By Craig Welkener As DC's affordable housing crisis deepens, Beth Harrison and other advocates have created an innovative program for people on the brink of eviction, pushing the boundaries of what has been possible in legal aid. By identifying at-risk tenants even before their eviction notices arrive, the Housing Right to Counsel Pilot Project is making real help more available than ever before. Although housing laws in the District are complex, the vast majority of individuals facing eviction are too poor to pay for an attorney. Legal services have historically been limited to those with the time to track down a nonprofit lawyer ahead of time, or those who take advantage of last minute, on-the-spot help provided by the Landlord Tenant Court-Based Legal Services Project. That project, which provides housing attorneys on a same-day basis, was funded by the city in 2007. However, that paradigm has begun to change, with the start of the Housing Right to Counsel Pilot Project. Beth Harrison, the director of the project, has worked in the trenches from the beginning. After earning her law degree from Harvard, Harrison arrived at the Legal Aid Society of the District of Columbia in 2005 as an entry-level housing attorney. At that time, Legal Aid's housing law program consisted of only three full-time staff attorneys, one fellow, and two loaned attorneys from law firms. The work received a boost in 2007, when the DC Council appropriated funds to subsidize legal counsel for the poor. Legal Aid's housing work has grown since then to twelve permanent lawyers and three loaned associates. As Harrison explains, these changes have meant that advocates can serve more clients, and "a big piece of that has been the city's choice to appropriate that funding." But vast gaps remain. The DC Bar Pro Bono Center reports that currently 95% of tenants remain unrepresented, while 90% to 95% of landlords pay for an attorney. Systemic problems call for sustainable solutions. And the Housing Right to Counsel Pilot Project—run by Legal Aid, Bread for the City, Legal Counsel for the Elderly, and the DC Bar Pro Bono Center—is futuristic in its design. "We are reviewing all eviction cases as they are filed with the court," Harrison explains. For approximately one out of every seven cases involving subsidized housing, "we send a letter saying we want to represent you." If the tenant accepts the help, a lawyer begins working on their case pro bono—even before the tenant receives an eviction notice. The program began in 2015, and relies on a smorgasbord of local nonprofits and law firm pro bono work to accomplish the mission. By providing help exactly when people can use it the most, the Housing Right to Counsel Pilot Project has the potential to truly change the norm of the unrepresented tenant. Perhaps this is the wave of the future. Ward 5 Councilmember Kenyan McDuffie recently introduced the Expanding Access to Justice Act of 2016, which would increase funding for similar housing projects. Guaranteeing a broad “right to counsel … in civil cases involving fundamental human needs" is McDuffie’s long-term goal. Harrison is certainly inspired. "The legal work that we do here is incredibly challenging and rich. And the interaction with the clients of course is an ongoing benefit. It's an ongoing inspiration to keep doing the work." Craig Welkener is a volunteer with the Washington Council of Lawyers, a Ward 8 resident, and a Georgetown graduate clerking at the U.S. Court of Appeals for the Armed Forces.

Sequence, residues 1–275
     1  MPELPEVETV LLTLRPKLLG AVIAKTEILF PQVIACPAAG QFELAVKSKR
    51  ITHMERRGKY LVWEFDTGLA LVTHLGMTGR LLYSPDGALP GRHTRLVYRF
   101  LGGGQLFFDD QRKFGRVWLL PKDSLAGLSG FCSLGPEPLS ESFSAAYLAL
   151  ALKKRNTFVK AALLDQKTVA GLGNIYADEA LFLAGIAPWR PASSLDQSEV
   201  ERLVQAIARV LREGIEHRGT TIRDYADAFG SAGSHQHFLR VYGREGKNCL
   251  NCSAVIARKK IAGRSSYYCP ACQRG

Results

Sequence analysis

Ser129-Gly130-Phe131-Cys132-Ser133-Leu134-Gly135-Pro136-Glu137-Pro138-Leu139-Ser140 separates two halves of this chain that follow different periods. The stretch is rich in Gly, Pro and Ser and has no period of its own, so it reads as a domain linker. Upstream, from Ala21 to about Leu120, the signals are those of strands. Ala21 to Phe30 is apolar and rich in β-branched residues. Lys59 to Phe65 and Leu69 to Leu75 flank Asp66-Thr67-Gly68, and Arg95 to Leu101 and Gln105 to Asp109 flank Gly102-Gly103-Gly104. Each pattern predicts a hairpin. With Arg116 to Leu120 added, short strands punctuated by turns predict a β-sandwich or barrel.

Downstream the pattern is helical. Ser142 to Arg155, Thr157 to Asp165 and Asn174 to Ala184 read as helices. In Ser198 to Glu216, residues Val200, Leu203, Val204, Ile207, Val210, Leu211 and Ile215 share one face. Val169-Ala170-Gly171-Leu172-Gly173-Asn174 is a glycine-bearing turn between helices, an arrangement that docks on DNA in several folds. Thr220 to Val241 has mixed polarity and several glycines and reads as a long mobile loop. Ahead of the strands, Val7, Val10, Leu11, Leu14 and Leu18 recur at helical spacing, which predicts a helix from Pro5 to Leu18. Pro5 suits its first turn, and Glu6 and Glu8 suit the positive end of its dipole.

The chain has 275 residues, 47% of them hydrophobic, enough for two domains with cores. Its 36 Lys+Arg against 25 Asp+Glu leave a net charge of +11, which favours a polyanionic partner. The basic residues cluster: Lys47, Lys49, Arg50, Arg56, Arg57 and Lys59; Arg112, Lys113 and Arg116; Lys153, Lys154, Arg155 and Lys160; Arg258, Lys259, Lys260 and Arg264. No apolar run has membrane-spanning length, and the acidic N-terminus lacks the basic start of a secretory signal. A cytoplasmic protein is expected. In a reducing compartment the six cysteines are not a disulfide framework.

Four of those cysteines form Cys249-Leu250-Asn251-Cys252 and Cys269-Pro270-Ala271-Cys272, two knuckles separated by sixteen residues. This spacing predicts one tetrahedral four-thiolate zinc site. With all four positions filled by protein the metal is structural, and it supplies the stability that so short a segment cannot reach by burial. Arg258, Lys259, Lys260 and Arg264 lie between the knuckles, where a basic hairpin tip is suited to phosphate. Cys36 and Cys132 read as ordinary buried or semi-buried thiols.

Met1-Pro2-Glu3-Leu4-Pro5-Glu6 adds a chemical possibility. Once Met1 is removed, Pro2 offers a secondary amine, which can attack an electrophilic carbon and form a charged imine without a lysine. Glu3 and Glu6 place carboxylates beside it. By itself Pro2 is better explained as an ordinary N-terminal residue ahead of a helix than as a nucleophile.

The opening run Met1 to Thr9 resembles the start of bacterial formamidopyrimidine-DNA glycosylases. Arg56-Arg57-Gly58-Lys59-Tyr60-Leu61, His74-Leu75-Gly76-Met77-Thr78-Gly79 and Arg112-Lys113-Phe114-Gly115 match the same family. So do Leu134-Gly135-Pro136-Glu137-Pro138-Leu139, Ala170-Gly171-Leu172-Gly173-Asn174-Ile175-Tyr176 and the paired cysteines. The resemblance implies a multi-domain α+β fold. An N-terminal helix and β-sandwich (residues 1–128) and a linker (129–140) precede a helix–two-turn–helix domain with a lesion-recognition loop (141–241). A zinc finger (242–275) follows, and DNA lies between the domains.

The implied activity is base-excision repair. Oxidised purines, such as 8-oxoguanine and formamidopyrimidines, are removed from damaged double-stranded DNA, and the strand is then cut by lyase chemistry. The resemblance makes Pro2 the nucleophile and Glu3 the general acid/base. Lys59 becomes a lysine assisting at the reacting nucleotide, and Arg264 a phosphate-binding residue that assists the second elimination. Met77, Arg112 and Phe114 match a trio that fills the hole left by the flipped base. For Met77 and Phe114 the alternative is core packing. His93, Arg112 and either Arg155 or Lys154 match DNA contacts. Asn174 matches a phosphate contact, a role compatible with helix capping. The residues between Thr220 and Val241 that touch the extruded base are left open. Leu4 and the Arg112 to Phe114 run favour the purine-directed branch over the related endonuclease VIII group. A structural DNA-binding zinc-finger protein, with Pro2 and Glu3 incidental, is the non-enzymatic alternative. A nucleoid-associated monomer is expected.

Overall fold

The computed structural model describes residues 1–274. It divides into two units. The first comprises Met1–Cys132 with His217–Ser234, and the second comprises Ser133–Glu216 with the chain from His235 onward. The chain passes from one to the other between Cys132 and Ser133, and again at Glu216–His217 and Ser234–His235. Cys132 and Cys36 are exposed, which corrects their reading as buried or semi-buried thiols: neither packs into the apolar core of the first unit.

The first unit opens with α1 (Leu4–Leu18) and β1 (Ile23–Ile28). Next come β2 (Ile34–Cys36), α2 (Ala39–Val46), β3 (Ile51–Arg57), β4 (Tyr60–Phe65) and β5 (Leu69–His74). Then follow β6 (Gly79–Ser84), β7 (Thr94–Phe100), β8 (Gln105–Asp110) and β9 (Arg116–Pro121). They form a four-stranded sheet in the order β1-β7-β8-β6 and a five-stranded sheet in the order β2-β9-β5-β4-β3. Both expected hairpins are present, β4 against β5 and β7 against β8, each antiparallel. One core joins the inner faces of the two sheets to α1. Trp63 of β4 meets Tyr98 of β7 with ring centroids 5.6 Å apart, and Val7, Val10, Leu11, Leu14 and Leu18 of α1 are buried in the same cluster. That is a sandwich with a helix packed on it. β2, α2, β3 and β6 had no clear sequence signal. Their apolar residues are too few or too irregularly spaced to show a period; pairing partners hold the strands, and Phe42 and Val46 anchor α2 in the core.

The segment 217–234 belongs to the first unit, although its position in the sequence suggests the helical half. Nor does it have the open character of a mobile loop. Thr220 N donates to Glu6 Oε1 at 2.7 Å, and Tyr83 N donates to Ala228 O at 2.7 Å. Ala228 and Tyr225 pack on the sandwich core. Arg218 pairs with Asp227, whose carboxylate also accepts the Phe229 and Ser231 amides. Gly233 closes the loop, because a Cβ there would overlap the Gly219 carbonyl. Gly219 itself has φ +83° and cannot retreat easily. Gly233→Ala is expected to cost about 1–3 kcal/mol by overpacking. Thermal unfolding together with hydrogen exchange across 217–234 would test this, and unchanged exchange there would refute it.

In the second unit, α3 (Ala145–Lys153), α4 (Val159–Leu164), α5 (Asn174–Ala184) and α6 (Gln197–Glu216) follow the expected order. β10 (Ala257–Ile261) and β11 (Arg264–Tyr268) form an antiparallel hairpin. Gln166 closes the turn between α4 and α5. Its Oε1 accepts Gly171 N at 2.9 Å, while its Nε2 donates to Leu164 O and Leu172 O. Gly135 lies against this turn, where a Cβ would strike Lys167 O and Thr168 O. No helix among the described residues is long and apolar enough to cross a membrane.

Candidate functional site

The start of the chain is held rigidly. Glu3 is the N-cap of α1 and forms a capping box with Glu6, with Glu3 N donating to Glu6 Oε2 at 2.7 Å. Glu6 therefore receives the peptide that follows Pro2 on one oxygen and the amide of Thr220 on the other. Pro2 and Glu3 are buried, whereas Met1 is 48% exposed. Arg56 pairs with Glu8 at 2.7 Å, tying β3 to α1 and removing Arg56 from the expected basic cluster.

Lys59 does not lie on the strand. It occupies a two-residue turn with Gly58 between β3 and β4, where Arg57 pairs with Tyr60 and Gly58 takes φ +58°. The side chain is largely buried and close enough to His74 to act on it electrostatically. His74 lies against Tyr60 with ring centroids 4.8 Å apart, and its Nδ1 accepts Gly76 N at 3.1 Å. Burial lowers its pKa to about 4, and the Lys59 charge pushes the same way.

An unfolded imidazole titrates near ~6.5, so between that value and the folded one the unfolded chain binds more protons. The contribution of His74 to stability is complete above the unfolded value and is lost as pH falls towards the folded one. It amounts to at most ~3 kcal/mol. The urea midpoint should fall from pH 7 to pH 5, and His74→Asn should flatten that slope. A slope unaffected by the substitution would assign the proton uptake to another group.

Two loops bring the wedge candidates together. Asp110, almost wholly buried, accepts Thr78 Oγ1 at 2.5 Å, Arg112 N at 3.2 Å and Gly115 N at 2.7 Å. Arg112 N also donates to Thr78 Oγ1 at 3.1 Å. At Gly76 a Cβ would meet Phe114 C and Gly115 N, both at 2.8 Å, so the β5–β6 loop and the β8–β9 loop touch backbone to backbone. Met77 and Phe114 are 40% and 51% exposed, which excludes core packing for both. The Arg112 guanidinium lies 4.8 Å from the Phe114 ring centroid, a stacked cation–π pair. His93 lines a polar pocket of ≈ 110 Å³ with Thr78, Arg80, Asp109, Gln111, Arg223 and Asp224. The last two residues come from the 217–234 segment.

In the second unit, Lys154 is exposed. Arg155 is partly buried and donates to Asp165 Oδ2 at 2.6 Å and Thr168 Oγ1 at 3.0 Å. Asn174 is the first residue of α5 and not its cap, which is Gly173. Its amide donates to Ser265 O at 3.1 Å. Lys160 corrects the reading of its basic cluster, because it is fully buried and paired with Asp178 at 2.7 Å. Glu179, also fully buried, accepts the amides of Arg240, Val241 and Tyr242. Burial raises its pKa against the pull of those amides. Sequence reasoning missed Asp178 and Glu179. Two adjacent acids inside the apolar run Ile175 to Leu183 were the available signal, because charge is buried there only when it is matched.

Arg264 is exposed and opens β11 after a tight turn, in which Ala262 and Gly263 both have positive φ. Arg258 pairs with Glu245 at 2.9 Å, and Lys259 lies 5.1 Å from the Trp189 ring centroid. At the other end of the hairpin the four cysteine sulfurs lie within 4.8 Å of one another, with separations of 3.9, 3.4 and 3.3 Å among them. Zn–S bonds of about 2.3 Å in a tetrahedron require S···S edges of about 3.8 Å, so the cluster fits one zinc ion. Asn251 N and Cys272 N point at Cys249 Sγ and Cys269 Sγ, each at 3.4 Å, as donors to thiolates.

Low-income residents, including many East of the River, spent Snowzilla hunkered down under blankets or huddled around small space heaters. The Post describes the plight of many poor D.C. residents during the recent blizzard. For instance, a woman in Washington Highlands had to leave her oven running, with the door open, because the heat in her apartment has been broken all winter. Lack of heat can result from several circumstances facing low-income residents. D.C.'s Office of People's Counsel reports that low-income residents are often afraid to complain about their heating problems because they are worried that other social services will be discontinued if the city learns of their poor housing conditions. As explained by a housing lawyer with the Legal Aid Society for the District of Columbia, many low-income residents don't complain to their landlords for fear of eviction. And some landlords just don't properly maintain their properties—as we have previously discussed. As a result, many of D.C.'s poorest residents who went without heat during this week's historic snowstorm will continue to face similar unsafe conditions throughout the winter, even after the snow has melted.